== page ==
“ A young gentleman, who, from his correct manner of speaking, I suppose practised the law, and who had hitherto listened with great attention, then took upon him to be our sex's advocate, and was proceeding to show, in a very sensible manner, as I thought, the little danger that was to be feared, and the great advantage that might be reaped, from a young lady's appropriating a considerable part of her time to reading, provided her studies were properly directed; when the arrival of some ceremonious visitors put an end to the conversation; and the company sat down to cards. When I came home, I could not help reflecting with a good deal of uneasiness, on what I had heard. For if there is really no such thing as mental accomplishments rendering a young lady more amiable, or if reading is to be of no real service to us, I have certainly employed a great part of my past life to very little purpose. I was brought up in the country, where reading was not only my greatest amusement, but I was always told, that by that, and making proper reflections on what I read, I should become contented with myself, and be beloved and respected by all who knew me; and by these improvements alone could hope to equal my sister, who is a great deal handsomer than I, but who could seldom be persuaded to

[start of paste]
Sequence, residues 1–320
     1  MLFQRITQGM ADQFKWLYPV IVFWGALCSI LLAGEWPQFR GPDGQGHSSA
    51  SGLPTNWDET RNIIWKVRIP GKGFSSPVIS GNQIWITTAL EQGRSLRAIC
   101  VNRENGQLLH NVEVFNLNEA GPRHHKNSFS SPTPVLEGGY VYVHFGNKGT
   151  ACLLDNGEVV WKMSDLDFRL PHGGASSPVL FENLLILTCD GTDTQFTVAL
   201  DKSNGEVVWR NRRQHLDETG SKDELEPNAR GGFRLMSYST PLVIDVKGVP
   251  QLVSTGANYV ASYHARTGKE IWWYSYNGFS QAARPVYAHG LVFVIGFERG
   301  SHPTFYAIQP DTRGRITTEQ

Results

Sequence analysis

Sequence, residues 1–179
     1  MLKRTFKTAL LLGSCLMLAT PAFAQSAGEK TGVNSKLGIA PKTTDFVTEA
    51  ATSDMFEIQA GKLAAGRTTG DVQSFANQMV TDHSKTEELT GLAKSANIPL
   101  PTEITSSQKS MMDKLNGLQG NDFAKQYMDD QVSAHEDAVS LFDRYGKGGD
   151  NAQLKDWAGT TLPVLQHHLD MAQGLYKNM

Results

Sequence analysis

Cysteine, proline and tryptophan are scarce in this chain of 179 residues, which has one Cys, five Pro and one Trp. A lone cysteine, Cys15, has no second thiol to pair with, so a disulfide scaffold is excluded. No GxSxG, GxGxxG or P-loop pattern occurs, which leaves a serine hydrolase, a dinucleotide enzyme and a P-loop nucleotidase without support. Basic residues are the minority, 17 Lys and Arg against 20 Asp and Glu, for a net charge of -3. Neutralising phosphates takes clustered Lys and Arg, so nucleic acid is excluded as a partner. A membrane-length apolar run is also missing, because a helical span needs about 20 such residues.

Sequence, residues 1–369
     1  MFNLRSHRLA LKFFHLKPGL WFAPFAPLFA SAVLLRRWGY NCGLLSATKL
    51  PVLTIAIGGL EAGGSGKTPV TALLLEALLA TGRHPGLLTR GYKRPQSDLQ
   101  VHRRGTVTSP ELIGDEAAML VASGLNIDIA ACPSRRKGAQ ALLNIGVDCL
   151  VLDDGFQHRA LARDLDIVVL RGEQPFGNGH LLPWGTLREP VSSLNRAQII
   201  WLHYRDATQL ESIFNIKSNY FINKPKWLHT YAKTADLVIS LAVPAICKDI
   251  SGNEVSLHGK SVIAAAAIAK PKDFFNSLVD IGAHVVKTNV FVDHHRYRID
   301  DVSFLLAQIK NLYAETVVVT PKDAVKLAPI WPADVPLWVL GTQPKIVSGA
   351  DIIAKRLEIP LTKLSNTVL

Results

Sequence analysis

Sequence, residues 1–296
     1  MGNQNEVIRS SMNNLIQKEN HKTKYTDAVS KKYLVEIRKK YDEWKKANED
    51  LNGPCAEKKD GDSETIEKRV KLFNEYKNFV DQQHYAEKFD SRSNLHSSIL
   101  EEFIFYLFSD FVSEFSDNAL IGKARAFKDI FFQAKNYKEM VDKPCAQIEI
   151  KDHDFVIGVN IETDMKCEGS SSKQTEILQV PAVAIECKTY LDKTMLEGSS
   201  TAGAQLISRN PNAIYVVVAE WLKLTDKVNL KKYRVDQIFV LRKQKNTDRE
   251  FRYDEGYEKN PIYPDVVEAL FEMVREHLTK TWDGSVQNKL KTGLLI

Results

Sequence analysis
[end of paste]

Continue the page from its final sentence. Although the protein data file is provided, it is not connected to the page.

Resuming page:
open a book.
“ But the conversation above-mentioned, which happened very soon after I came to town, has raised many doubts in my mind as to the real importance of my former studies. I have mentioned my uneasiness to several of my female companions, who are all, especially such as are not handsome, very much interested in it, and would be very happy to see a MIRROR on this subject, though they were much